Project 949A ship K-266 Orioł
Project 949A ship K-266 Orioł© Mil.ru

Old hull, new equipment

This represents a significant upgrade - the submarines are fitted with new combat information and navigational systems, new electronic and communication equipment, and new sonar. The electronics used in these old units should be as advanced as in the latest Yasen-class vessels.

They are also newly equipped with Kalibr missiles or P-800 Oniks. Unfortunately, there is no reliable information about the number of missiles carried by the upgraded units. The TASS agency reports inconsistent numbers, ranging from 30 to even 72 missiles.

The readiness of the vessel is also reported ambiguously. Though the Irkutsk has been launched, it is unknown how long it will take to complete the fitting-out stage. One of the reports suggests that the submarine is due to re-enter service only in 2025.

Relics of the Cold War

Although the Irkutsk is a powerful and heavily armed vessel, and its upgrade - though we should be skeptical about the propaganda messages shared by TASS - likely significantly improved its capabilities, its fate typifies the problems of the Russian navy.

Project 949A submarine, K-150 Tomsk
Project 949A submarine, K-150 Tomsk© Mil.ru | Sergey Konovalov

This is evident, for example, from the time required for the modernization of equipment - Russian vessels, not only submarines, often spend not just years, but entire decades in shipyards for overhauls.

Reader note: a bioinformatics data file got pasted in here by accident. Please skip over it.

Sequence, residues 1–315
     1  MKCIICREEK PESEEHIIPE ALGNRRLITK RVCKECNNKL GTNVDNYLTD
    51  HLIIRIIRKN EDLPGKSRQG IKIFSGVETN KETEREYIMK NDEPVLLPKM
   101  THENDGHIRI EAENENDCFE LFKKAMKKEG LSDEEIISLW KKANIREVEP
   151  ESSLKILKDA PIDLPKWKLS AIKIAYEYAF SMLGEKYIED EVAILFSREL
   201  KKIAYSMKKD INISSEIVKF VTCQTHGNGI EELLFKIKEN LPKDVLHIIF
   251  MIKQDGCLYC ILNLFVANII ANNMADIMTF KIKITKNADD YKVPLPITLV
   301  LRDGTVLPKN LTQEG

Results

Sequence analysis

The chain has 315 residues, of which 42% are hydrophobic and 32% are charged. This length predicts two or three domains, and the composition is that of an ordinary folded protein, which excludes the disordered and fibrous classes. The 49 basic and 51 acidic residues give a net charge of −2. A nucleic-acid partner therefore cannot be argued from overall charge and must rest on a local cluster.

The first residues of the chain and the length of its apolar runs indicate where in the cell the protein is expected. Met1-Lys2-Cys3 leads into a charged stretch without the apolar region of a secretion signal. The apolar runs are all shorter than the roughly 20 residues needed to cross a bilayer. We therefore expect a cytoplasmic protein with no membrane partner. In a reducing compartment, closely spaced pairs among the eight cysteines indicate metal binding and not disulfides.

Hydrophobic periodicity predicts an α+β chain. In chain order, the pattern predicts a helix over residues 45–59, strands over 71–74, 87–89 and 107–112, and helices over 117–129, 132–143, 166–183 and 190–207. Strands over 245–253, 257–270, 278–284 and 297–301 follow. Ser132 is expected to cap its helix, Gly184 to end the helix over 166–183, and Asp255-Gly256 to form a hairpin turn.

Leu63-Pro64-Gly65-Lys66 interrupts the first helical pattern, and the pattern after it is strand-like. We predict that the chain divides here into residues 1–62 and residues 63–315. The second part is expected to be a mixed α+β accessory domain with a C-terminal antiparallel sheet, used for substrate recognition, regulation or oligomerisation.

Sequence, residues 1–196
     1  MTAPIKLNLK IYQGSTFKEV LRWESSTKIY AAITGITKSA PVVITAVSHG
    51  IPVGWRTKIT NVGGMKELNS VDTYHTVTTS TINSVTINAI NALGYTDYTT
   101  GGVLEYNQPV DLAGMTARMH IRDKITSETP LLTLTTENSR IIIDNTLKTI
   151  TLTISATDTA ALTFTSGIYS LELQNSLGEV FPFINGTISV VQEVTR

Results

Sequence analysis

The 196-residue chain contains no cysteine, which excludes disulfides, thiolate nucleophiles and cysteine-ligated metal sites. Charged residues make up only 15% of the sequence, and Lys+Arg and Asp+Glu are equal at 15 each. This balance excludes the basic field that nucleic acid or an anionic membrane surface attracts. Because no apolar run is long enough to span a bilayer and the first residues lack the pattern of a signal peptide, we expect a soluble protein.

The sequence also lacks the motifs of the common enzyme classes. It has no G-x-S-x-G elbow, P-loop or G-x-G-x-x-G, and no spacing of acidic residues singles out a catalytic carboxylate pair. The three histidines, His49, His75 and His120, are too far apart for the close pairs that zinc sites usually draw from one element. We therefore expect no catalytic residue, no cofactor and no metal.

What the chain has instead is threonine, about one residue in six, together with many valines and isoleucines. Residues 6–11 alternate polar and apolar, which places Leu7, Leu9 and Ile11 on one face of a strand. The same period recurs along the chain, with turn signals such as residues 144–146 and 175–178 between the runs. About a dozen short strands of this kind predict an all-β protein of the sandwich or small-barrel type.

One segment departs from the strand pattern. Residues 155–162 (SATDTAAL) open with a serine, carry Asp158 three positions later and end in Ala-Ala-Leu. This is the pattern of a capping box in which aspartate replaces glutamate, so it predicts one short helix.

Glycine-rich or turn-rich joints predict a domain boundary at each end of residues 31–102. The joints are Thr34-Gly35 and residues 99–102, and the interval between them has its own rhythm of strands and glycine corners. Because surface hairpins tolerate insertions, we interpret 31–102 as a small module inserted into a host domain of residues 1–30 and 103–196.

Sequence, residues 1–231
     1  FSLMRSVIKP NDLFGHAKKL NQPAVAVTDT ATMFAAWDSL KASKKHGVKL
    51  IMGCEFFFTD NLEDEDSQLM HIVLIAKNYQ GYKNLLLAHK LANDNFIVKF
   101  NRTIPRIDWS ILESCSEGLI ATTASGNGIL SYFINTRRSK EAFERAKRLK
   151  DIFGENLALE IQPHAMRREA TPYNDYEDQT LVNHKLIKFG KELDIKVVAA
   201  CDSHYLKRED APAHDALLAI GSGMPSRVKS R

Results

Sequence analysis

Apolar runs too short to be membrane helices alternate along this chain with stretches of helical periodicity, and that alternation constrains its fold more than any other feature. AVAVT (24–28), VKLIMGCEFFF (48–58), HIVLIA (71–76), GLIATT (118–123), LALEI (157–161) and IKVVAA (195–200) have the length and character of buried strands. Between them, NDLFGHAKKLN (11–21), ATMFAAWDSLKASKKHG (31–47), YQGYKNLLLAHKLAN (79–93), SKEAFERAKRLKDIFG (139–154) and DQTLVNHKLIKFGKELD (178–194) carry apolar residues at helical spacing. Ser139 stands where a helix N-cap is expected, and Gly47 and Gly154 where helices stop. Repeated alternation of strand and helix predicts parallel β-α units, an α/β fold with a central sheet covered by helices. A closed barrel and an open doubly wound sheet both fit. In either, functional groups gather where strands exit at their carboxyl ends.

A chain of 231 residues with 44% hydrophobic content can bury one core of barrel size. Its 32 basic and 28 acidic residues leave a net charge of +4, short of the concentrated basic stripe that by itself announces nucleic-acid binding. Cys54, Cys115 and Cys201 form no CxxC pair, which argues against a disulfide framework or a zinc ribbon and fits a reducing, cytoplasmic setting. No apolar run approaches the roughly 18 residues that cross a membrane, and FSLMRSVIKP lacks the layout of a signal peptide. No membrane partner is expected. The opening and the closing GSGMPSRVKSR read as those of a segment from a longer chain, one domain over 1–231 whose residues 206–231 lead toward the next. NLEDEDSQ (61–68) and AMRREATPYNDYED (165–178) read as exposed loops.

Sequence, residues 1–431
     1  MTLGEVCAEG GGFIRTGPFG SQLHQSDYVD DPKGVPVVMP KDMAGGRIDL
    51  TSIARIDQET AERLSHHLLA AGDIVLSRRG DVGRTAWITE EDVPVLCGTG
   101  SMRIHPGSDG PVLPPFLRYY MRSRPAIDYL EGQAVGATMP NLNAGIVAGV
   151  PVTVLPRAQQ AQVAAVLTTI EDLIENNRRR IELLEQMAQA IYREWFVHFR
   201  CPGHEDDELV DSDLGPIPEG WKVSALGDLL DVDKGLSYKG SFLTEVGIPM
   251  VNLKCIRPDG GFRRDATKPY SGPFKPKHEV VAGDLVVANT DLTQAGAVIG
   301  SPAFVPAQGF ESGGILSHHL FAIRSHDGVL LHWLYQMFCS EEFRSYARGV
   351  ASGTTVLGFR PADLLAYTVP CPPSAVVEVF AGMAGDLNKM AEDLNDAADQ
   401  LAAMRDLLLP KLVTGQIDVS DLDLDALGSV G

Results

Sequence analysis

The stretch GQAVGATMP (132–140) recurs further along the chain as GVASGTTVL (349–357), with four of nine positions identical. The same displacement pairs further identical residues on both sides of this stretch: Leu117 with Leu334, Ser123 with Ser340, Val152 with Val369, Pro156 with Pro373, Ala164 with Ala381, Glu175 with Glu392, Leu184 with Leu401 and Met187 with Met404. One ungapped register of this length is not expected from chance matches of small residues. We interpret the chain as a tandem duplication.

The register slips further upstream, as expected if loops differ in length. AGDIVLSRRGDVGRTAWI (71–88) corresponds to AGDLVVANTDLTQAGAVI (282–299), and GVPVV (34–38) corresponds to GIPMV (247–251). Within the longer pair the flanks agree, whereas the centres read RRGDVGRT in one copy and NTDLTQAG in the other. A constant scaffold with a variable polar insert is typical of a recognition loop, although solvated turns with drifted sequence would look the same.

The Irkutsk, constructed in 1985-1987, entered service in 1988, and it was already decommissioned and sent for repairs in 1997. The refurbishing didn't start until 2001, and following the implementation of the upgrade to version 949AM program, the submarine was relaunched only in 2024 (though other TASS reports suggest it was in 2023). This reveals the pace of the modernization of Russia's key vessels.

Simultaneously, Russian vessels designed following the collapse of the USSR (like the problematic Project 677 Lada) necessitate modernizing old vessels due to a lack of modern units and the issues associated with those designed after the USSR's collapse.

Despite an update to the electronics, the propulsion and structural solutions represent the technical level of nearly 40 years ago. An illustrative example is the issue with the drive shafts of another Project 949A vessel, K-266 Oryol, which was supposed to receive modernized propellers, but this never occurred - because their development was halted 30 years ago. Consequently, instead of silently "creeping up" on aircraft carriers, the unit now causes so much noise that it's essentially useless.

According to Russian sources, upgrading Oscars to the 949AM standard should extend their service life by another 20 years. Nevertheless, resorting to units built in the 80s, even with effective modernization, appears to be more a sign of weakness than a demonstration of the strength of the Russian navy.